After the final 15 minutes of preparation in the kitchen, Leah Chase arrives. She is greeted with a standing ovation from a room full of deeply impressed chefs. The kindly 90-year-old goes out of her way to say something positive about each meal placed before her. Not all of the chefs are shown, though, so there is no way to tell whose dishes are the best/worst. It is the problem of having 18 competitors remaining in an hour long show.

When Leah announces her choices for worst meal, she is equally helpful. Jason Luvs Jason used beets in his meal, and the nonagenarian would have preferred making the beets into borscht. I would wryly note that even at 90, Leah still took a moment to appreciate how attractive Jason is, though. Michael also finishes on the bottom, which is unsurprising given that he was the only who had to restart. The final member of the bottom group is Patty, who seems to be the worst chef in the group, at least so far. I suspect she needs to borrow some of Jason’s confidence if she is to advance far into the game.

The top group includes Aaron, who definitely needed some good news after his performance in the prior challenge. Carrie and Shirley join him. They seem like two of the best chefs this season, at least thus far. From Leah’s reaction, I expect Shirley to win but Carrie’s dish reminds the elderly woman of one of her own recipes. That is enough to earn her the win. Overall, either all of the chefs did very well or Leah is simply too gentle a soul to criticize much. Or maybe it’s both.

After the Quickfire is decided, chef Susan Spicer of Bayona Restaurant in New Orleans arrives. She provides the details of one of the most well intended challenges in the history of Top Chef. As everyone knows, the city was decimated by Hurricane Katrina. Housing projects will be ongoing for decades to come. Many of the people handling construction are volunteers from Habit for Humanity. The elimination challenge requires groups of Top Chef contestants to build menus for food trucks. They will then drive to a series of building projects to provide sustenance for the charitable builders. Everything about this idea is wonderful. Well done, Top Chef producers.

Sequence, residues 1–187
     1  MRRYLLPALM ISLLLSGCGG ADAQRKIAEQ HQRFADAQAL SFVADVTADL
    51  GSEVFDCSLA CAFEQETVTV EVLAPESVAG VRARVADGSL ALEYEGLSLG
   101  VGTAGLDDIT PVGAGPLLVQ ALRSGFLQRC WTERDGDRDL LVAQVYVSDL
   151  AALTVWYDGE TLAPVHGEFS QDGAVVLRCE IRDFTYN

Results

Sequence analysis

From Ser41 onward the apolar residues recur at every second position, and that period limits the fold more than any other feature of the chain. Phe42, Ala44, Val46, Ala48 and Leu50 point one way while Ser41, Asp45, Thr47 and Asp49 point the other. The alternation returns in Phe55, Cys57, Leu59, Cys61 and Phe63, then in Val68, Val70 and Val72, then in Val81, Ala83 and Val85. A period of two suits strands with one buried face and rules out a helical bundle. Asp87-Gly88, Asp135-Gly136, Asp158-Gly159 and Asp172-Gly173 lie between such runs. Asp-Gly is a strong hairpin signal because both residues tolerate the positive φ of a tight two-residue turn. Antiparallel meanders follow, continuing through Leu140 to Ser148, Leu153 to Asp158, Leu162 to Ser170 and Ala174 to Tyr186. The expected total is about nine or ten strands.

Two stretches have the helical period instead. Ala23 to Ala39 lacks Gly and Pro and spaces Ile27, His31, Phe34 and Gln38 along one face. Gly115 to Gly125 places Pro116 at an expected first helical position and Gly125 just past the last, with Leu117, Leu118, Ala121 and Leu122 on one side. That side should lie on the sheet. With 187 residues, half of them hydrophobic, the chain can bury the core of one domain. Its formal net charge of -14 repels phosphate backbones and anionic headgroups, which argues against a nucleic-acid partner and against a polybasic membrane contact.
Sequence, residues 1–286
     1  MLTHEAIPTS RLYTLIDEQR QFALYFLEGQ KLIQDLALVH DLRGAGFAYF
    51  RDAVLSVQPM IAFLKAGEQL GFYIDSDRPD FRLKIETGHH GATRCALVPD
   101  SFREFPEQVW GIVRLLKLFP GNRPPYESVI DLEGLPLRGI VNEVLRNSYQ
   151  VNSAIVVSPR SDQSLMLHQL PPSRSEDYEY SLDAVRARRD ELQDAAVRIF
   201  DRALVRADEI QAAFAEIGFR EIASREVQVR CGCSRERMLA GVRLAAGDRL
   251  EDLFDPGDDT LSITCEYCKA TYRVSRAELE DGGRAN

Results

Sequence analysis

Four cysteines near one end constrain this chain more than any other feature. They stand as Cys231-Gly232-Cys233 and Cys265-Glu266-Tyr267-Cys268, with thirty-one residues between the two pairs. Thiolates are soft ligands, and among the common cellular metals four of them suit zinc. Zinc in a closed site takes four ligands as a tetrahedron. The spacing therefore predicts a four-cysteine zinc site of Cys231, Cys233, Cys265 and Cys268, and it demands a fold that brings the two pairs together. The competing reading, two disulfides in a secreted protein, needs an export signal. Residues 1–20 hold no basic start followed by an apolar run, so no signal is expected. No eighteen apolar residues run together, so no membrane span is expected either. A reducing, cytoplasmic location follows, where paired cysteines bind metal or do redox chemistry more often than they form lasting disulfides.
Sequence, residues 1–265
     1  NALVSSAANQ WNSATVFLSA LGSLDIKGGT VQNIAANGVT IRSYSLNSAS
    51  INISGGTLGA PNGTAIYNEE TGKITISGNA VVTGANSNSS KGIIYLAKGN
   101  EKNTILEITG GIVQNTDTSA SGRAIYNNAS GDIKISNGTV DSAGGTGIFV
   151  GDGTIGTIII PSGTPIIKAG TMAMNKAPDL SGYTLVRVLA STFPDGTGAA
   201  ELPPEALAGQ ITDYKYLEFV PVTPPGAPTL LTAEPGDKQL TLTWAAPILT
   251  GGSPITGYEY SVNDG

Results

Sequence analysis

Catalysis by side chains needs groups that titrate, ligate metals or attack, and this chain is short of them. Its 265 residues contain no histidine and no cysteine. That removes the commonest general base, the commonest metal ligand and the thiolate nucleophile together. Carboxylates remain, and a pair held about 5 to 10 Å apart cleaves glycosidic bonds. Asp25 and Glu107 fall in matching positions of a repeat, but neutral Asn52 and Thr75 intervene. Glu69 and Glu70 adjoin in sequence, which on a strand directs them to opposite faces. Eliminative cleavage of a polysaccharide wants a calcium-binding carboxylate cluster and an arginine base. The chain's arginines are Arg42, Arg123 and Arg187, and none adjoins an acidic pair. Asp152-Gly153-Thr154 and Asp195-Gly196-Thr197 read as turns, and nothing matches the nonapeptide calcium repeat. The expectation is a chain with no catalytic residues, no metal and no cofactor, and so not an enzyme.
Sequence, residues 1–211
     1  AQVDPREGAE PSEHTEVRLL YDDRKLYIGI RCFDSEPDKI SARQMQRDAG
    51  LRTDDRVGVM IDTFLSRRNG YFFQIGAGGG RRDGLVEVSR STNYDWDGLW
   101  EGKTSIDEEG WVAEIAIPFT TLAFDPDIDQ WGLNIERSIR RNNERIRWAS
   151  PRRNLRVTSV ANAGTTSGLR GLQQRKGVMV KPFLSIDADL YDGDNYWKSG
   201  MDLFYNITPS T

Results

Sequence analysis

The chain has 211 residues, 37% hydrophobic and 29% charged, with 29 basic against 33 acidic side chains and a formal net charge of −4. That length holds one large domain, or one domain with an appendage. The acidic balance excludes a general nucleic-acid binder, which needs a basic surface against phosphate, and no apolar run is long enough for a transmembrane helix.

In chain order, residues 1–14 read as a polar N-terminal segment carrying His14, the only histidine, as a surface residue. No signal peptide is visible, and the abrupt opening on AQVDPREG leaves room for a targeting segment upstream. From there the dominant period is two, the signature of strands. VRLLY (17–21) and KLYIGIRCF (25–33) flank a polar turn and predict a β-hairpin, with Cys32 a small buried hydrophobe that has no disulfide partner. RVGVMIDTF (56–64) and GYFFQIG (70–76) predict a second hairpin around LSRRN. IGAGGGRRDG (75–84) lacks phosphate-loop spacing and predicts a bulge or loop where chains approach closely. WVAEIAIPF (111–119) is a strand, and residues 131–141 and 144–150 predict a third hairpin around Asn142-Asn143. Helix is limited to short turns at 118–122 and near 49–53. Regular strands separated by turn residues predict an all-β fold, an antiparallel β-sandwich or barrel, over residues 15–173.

“We were so happy to see a food truck. We were so happy to see any kind of truck with food because we had nothing. Absolutely nothing. Katrina took everything I had, really. You gotta know I was 83-years-old then and people say ‘You should quit.’ I dunno. The Pope quit. But I have to keep going because there’s a lot of work to do in this city.” – Leah Chase, heroine of New Orleans

There are four different teams. Two of them are comprised of five players while two only include four. That extra person seems like a huge advantage to me, but we will see how it plays out. Nicholas, Jason, Bret and Patty are one of the four player teams, and their Blue group is instantly highlighted. In other words, they are either going to hit this meal out of the park or one of their four will be eliminated.

The next bunch revealed is the Yellow team of Aaron, Carlos, Travis, Carrie and Brian. The same reality show editing rules apply to them. So the Green and Red teams are probably not going to be a factor tonight. With 18 contestants involved and a third of the show already gone, anyone else involved who is not up for the win or elimination will have little to no screen time. It’s a necessary constraint in crafting tonight’s show. The people who won’t be shown as much are the Green team of Louis, Sara, Shirley and Stephanie and the Red team of Bene, Janine, Justin, Michael and Nina.